11:45 — 12:30: Adam Johansen

*12:30 — 14:00: Lunch*

14:00 — 14:45: Anne-Marie Lyne

14:45 — 15:30: Pierre Jacob

*15:30 — 16:00: Break*

16:00 — 16:45: Roberto Trotta

17:00 — 18:00: ‘Elevator’ talks

18:00 — 20:00: Poster session, Cheese and wine

** April 21, 2016**

9:00 — 9:45: Michael Betancourt

9:45 — 10:30: Nicolas Chopin

*10:30 — 11:00: Coffee break*

11:00 — 11:45: Merrilee Hurn

11:45 — 12:30: Jean-Michel Marin

*12:30 — 14:00: Lunch*

14:00 — 14:45: Sumit Mukherjee

14:45 — 15:30: Yves Atchadé

*15:30 — 16:00: Break*

16:00 — 16:45: Michael Gutmann

16:45 — 17:30: Panayiota Touloupou

*19:00 — 22:00: Dinner*

**April 22, 2016**

9:00 — 9:45: Chris Sherlock

9:45 — 10:30: Christophe Andrieu

*10:30 — 11:00: Coffee break*

11:00 — 11:45: Antonietta Mira

## contemporary issues on hypothesis testing

Posted in pictures, Statistics, Travel, University life with tags AR models, Bayes factor, Bayesian hypothesis testing, CRiSM, Glencoe, skyrace, University of Warwick, workshop on March 2, 2016 by xi'an**A**t Warwick U., CRiSM is sponsoring another workshop, this time on hypothesis testing next Sept. 15 and 16 (just before the Glencoe race!). Registration and poster submission are already open. Most obviously, given my current interests, I am quite excited by the prospect of taking part in this workshop (and sorry that Andrew can only take part by teleconference!).

## conference deadlines [register now!!]

Posted in Kids, pictures, Statistics, Travel, University life with tags AISTATS 2016, Cadiz, Coventry, CRiSM, ISBA 2016, Italy, registration fees, Santa Margherita di Pula, Sardinia, Spain, University of Warwick on February 11, 2016 by xi'an**R**egistration is now open for our [fabulous!] CRiSM workshop on estimating [normalising] constants, in Warwick, on April 20-22 this year. While it is almost free (*almost* as in £40.00!), we strongly suggest you register asap if only to secure a bedroom on the campus at a moderate rate of £55.00 per night (breakfast included!). Plus we would like to organise the poster session(s) and the associated “elevator” talks for the poster presenters.

While the deadline for early registration at AISTATS is now truly over, we also encourage all researchers interested in this [great] conference to register as early as possible, if only [again] to secure a room at the conference location, the Parador Hotel in Cádiz. (Otherwise, there are plenty of rentals in the neighbourhood.)

Last and not least, the early registration for ISBA 2016 in Santa Margherita di Pula, Sardinia, is still open till February 29. And the rate will move immediately to late registration fees. The same deadline applies to bedroom reservations in the resort, with apparently only a few rooms left for some of the nights. Rentals and hotels around are also getting filled rather quickly.

## Bayesian model comparison with intractable constants

Posted in Books, Kids, pictures, Statistics, Travel, University life with tags ABC, auxiliary variable, bias vs. variance, CRiSM, estimating constants, importance sampling, Monte Carlo Statistical Methods, normalising constant, pseudo-marginal MCMC, SMC, unbiased estimation, University of Warwick on February 8, 2016 by xi'an**R**ichard Everitt, Adam Johansen (Warwick), Ellen Rowing and Melina Evdemon-Hogan have updated [on arXiv] a survey paper on the computation of Bayes factors in the presence of intractable normalising constants. Apparently destined for *Statistics and Computing* when considering the style. A great entry, in particular for those attending the CRiSM workshop Estimating Constants in a few months!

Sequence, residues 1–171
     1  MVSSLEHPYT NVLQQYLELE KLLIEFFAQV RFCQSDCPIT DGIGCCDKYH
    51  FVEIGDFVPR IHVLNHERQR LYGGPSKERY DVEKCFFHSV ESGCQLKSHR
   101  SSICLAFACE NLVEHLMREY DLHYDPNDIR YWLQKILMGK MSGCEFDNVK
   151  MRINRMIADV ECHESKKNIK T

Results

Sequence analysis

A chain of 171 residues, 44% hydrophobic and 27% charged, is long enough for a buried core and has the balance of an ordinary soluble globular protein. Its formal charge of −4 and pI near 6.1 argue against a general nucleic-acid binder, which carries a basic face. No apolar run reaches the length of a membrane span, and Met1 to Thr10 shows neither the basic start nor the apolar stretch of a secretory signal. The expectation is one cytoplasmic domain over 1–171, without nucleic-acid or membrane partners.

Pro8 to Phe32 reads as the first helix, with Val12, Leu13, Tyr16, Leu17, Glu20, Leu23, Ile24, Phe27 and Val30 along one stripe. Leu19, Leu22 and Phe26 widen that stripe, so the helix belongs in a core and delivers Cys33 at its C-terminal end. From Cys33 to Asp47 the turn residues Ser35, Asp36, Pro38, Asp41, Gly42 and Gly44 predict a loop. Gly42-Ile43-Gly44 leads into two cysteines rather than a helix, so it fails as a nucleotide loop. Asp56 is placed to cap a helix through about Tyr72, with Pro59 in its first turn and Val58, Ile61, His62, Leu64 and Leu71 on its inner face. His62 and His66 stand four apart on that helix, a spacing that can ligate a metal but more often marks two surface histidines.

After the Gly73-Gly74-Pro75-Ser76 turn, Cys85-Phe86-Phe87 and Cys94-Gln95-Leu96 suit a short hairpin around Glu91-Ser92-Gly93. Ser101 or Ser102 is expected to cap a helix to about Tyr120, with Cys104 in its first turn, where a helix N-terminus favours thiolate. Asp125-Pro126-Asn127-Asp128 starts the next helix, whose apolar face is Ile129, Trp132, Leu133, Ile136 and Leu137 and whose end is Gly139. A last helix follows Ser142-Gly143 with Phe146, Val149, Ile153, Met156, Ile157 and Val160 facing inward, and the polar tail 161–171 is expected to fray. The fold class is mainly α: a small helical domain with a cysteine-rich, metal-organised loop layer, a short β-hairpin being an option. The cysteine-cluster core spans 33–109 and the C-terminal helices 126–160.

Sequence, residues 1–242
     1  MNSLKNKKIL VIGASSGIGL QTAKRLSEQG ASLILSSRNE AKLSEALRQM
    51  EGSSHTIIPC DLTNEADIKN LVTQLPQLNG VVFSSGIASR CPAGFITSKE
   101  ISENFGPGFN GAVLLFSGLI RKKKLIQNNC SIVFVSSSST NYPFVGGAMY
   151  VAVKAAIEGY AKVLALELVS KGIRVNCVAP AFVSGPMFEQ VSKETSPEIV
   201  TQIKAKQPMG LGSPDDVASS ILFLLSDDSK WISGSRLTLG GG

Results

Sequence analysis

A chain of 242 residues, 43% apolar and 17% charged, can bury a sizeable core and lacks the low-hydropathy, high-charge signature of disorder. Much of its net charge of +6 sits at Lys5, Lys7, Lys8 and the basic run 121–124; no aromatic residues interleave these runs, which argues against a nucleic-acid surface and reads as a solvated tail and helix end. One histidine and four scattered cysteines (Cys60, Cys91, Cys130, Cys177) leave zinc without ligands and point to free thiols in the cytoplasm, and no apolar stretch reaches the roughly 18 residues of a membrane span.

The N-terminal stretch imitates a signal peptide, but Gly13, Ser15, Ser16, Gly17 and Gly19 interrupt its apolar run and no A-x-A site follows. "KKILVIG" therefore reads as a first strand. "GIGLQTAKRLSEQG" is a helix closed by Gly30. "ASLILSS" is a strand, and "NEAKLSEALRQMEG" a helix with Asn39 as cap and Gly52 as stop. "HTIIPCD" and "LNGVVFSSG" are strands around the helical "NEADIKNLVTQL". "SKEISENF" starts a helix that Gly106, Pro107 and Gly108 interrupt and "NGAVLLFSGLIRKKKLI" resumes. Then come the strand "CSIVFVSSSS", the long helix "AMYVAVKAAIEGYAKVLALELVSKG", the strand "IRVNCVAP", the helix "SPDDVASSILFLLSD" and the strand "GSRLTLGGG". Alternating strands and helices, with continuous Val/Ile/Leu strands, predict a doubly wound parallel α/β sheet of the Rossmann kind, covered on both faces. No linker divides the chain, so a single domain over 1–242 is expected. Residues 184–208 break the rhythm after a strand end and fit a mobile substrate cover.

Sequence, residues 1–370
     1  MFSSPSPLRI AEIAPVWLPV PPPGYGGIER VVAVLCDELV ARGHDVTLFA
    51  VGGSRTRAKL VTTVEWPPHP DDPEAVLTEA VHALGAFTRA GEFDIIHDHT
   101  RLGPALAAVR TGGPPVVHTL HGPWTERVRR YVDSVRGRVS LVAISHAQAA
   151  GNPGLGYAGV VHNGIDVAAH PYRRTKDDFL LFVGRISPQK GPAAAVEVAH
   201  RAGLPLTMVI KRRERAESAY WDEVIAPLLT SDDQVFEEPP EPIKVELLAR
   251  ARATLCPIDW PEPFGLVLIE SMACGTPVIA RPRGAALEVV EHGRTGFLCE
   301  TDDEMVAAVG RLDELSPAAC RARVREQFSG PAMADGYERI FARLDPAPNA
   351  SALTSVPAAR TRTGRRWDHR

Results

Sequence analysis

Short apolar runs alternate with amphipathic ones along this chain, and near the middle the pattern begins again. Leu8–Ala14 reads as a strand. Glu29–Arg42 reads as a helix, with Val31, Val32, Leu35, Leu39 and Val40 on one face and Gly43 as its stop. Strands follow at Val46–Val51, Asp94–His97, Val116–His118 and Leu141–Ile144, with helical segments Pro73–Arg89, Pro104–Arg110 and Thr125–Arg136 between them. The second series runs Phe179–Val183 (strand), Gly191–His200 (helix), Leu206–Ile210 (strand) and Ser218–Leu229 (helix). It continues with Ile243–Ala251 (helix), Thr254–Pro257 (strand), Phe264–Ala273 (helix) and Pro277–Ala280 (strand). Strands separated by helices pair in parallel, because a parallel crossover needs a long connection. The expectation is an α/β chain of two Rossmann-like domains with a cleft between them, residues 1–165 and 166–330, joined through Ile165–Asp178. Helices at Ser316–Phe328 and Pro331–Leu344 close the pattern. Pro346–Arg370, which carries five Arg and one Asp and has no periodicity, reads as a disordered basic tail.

A question that came to me from reading the introduction to the paper is why a method like Møller et al.’s (2006) auxiliary variable trick should be considered more “exact” than the pseudo-marginal approach of Andrieu and Roberts (2009) since the later can equally be seen as an auxiliary variable approach. The answer was on the next page (!) as it is indeed a special case of Andrieu and Roberts (2009). Murray et al. (2006) also belongs to this group with a product-type importance sampling estimator, based on a sequence of tempered intermediaries… As noted by the authors, there is a whole spectrum of related methods in this area, some of which qualify as exact-approximate, inexact approximate and noisy versions.

Their main argument is to support importance sampling as the method of choice, including sequential Monte Carlo (SMC) for large dimensional parameters. The auxiliary variable of Møller et al.’s (2006) is then part of the importance scheme. In the first toy example, a Poisson is opposed to a Geometric distribution, as in our ABC model choice papers, for which a multiple auxiliary variable approach dominates both ABC and Simon Wood’s synthetic likelihood for a given computing cost. I did not spot which artificial choice was made for the Z(θ)’s in both models, since the constants are entirely known in those densities. A very interesting section of the paper is when envisioning *biased* approximations to the intractable density. If only because the importance weights are most often biased due to the renormalisation (possibly by resampling). And because the variance derivations are then intractable as well. However, due to this intractability, the paper can only approach the impact of those approximations via empirical experiments. This leads however to the interrogation on how to evaluate the validity of the approximation in settings where truth and even its magnitude are unknown… Cross-validation and bootstrap type evaluations may prove too costly in realistic problems. Using biased solutions thus mostly remains an open problem in my opinion.

The SMC part in the paper is equally interesting if only because it focuses on the data thinning idea studied by Chopin (2002) and many other papers in the recent years. This made me wonder why an alternative relying on a sequence of approximations to the target with *tractable* normalising constants could not be considered. A whole sequence of auxiliary variable completions sounds highly demanding in terms of computing budget and also requires a corresponding sequence of calibrations. (Now, ABC fares no better since it requires heavy simulations and repeated calibrations, while further exhibiting a damning missing link with the target density. ) Unfortunately, embarking upon a theoretical exploration of the properties of approximate SMC is quite difficult, as shown by the strong assumptions made in the paper to bound the total variation distance to the true target.